(Host) Earlier this week officials at the Brattleboro Retreat said financial problems threatened to close the facility. They said part of the problem is inadequate Medicaid reimbursement from the state. But now, the state says it will increase those payments, as VPR’s Steve Zind reports:
(Zind) In a letter sent to the retreat this week, state officials said they’ll increase Medicaid payments roughly 10%. That will mean nearly $600,000 annually in additional reimbursements. The retreat’s out-patient and residency programs treat children and adults with psychological and addiction problems.
Brattleboro Retreat CEO Rick Palmisano says the Medicaid increase will help close a budget shortfall that was more than two million dollars last year.
(Palmisano) “I really haven’t had a chance to analyze all the numbers, but I think we’re a lot closer to closing that gap than we were even a couple of weeks ago.”
(Zind) Palmisano says the Retreat still must find other ways to make up the budget deficit. He says one answer is for the state to allow more Vermonters to receive addiction treatment at the Brattleboro Retreat. Currently the state Medicaid funds are used to treat more than 250 people a year at Conifer Park in Glenville, New York – the cost is over $1.5 million.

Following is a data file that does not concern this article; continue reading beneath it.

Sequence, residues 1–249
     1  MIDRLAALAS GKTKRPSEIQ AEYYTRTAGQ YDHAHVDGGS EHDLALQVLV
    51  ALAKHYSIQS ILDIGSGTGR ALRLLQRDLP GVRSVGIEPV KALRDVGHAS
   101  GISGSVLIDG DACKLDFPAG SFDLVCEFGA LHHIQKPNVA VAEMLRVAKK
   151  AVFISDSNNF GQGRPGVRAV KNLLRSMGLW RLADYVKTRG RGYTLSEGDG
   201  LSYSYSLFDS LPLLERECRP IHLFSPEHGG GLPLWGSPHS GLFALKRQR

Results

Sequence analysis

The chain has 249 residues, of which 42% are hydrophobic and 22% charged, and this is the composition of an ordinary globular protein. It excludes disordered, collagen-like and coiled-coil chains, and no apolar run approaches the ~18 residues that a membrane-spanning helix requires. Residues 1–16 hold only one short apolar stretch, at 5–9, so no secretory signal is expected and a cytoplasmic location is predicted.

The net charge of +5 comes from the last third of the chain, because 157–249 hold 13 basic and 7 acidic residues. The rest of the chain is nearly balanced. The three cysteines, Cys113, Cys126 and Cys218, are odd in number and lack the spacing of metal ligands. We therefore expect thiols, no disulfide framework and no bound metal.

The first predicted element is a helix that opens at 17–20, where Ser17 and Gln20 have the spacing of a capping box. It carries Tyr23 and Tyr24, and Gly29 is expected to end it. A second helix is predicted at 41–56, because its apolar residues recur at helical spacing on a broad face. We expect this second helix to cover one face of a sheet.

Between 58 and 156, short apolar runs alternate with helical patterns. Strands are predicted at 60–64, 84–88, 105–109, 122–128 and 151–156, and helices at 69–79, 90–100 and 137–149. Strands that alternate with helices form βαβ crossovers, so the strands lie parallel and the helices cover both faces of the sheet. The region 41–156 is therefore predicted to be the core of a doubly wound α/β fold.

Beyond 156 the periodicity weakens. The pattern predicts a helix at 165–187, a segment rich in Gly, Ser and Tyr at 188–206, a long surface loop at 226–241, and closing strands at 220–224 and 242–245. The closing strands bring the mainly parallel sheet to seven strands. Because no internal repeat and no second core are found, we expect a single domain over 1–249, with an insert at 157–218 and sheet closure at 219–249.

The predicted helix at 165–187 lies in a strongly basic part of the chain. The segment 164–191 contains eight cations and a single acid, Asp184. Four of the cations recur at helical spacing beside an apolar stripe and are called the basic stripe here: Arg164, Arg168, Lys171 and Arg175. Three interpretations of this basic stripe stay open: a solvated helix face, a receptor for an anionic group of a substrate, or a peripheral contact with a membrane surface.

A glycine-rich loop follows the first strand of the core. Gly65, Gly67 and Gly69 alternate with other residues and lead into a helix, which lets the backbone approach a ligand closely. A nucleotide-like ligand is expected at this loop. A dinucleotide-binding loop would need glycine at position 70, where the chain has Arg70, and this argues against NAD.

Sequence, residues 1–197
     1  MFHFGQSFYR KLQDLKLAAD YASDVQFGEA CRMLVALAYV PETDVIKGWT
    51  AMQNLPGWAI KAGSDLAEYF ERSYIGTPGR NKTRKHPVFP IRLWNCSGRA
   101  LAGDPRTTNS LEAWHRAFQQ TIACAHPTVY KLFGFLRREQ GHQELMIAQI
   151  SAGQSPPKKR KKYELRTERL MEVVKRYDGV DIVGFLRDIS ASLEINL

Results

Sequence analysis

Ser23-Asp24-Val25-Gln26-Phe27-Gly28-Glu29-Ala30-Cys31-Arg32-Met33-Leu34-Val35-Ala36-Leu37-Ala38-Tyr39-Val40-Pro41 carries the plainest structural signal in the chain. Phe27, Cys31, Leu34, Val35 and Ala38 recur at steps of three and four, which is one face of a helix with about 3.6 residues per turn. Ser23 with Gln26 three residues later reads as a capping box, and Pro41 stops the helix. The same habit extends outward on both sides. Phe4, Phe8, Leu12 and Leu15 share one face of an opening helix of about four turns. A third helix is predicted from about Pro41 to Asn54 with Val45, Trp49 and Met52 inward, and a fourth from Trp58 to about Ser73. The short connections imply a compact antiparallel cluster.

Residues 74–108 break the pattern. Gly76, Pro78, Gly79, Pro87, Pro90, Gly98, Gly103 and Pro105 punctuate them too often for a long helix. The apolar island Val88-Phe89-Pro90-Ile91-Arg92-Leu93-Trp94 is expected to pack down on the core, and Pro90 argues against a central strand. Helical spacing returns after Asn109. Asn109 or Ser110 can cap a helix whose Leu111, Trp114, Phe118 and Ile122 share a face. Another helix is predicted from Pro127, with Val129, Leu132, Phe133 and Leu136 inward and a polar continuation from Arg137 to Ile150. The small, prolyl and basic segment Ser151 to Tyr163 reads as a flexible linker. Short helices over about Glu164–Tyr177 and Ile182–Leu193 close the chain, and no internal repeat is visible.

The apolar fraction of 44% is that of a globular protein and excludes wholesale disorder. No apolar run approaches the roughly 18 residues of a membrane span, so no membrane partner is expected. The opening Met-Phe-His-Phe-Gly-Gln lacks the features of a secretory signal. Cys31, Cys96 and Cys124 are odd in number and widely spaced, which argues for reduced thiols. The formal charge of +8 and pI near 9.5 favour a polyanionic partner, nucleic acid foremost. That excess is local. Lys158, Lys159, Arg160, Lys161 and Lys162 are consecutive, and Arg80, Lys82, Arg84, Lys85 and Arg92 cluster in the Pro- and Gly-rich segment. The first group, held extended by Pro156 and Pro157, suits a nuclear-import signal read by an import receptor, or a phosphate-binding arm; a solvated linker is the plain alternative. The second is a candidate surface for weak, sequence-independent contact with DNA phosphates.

David Yacovone of the Vermont Agency of Human Services says the agency is reassessing its policy of sending so many people out of state.
(Yacovone) “We’re doing that analysis to see if we can bring that care back to Vermont. If we’re able to do that, certainly the Retreat and other providers can attempt to get in that line of business. We’re very hopeful that we can do it. It’s more than just spending the dollars in Vermont, which is very important, it’s about serving Vermonters closer to their homes where they can get good after care and their families can be part of their care.”
(Zind) Yacavone says in the past, Conifer Park has been less costly than in-state treatment. Officials with the Brattleboro Retreat say they working on a treatment plan that would be competitive with Conifer Park. They also say they’d like to open a methadone clinic at the retreat.
For Vermont Public Radio, I’m Steve Zind.